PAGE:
Many people ask how fiber optics are made. You can’t just use “regular” glass. If you were to make optical fiber from ordinary window glass, the light that you shine through it would have a difficult time traveling more than a few kilometers, let alone the distances necessary for long distance transmission. That’s because ordinary glass contains distortions, discolorations and other impurities that would quickly absorb, reflect, or otherwise disperse light long before it could travel any great distance. In contrast, because optical fiber is actually made from very pure glass, the light traverses great distances largely unimpeded by impurities and distortions.
The process begins by lowering one end of the preform into an in-line furnace that produces heat in a range of 3,400 to 4,000 degrees Fahrenheit. As the lower end of the preform begins to melt, it forms a molten glob that is pulled downward by gravity. Trailing behind the glob is a thin strand of glass that cools and solidifies quickly. The equipment operator threads this glass strand through the remainder of the devices on the tower, which include a number of buffer coating applicators and ultraviolet curing ovens. Finally, the operator connects the fiber to a tractor mechanism.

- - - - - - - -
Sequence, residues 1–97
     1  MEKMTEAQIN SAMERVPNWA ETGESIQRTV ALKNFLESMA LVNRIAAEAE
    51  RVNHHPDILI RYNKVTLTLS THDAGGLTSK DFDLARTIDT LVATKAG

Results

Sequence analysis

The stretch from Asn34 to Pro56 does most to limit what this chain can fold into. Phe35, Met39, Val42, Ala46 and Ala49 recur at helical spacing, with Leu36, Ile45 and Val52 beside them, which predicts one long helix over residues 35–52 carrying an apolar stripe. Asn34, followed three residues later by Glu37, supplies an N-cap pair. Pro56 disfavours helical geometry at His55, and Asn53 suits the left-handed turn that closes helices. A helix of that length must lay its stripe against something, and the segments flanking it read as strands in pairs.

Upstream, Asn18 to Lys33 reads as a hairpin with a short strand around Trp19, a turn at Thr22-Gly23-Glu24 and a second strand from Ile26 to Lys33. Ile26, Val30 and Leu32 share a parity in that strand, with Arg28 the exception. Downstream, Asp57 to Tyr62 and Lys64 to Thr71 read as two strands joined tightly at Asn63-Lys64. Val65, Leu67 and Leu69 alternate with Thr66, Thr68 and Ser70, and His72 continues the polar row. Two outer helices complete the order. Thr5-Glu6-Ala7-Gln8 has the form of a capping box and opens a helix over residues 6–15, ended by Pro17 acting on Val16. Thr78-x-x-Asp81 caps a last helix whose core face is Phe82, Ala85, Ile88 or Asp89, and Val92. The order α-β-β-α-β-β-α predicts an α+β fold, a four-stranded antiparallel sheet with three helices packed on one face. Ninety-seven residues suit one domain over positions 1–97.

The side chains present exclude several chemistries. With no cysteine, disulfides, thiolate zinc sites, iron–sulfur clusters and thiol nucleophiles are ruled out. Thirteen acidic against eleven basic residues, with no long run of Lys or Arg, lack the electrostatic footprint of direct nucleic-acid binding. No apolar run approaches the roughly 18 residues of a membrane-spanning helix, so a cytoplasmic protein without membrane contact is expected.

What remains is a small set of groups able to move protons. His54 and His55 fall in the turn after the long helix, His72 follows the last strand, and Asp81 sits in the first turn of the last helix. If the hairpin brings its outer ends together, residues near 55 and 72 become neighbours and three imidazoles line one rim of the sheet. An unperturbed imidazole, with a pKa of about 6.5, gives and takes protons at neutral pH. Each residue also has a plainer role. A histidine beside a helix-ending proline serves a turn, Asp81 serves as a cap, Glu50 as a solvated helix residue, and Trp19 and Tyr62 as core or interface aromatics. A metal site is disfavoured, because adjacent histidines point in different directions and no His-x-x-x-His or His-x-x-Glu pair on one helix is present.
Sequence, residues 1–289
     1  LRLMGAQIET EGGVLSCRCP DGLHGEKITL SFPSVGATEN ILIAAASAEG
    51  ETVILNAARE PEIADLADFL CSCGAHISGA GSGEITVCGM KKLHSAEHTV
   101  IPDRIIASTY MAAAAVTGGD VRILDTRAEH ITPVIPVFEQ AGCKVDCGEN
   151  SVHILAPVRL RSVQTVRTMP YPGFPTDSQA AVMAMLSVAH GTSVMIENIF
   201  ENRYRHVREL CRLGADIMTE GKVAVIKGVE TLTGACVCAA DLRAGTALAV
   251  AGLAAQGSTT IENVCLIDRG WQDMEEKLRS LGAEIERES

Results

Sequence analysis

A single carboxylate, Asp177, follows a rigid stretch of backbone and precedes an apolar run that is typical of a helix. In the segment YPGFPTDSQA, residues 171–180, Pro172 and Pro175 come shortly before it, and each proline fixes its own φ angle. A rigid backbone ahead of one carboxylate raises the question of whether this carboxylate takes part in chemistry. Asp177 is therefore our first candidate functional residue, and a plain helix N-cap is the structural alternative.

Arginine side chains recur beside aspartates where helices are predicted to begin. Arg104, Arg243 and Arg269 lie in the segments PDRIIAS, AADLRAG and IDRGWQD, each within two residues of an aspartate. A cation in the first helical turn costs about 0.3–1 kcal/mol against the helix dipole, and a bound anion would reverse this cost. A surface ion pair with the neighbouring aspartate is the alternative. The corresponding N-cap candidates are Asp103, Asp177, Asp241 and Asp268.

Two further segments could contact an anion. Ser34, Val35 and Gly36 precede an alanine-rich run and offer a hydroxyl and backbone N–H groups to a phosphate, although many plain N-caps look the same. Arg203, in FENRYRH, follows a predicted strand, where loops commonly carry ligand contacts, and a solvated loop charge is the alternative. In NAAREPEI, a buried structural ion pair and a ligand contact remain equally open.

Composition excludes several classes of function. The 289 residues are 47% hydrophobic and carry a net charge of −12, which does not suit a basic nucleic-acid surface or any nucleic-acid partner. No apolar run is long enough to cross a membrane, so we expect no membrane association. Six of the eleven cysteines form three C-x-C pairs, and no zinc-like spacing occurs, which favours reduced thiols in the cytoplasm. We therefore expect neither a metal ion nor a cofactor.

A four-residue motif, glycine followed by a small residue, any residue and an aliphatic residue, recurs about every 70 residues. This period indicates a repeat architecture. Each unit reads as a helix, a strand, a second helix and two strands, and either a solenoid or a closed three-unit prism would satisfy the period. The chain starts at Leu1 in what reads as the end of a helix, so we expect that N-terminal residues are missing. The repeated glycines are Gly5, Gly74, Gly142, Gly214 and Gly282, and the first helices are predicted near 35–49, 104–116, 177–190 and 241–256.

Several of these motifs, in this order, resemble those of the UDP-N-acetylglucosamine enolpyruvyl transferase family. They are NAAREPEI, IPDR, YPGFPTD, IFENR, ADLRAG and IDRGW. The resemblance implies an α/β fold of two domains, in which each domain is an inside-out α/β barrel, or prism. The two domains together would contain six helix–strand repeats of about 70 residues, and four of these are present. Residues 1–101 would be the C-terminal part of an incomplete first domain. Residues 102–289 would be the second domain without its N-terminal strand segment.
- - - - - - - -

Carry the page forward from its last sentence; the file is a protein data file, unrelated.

The completed optical fiber must undergo a number of tests to determine the quality of the finished product. A few of the assessments involved, Fiber geometry inspection, including core, cladding and coating, Tensile strength and Bandwidth capacity.
Various factors influence the quality and purity of the optical fiber produced. It is crucial that the gas composition and rate of flow be monitored throughout the process of creating the preform. It is also important that any valves, tubes and pipes that come into contact with the gas be made of corrosion-resistant materials.
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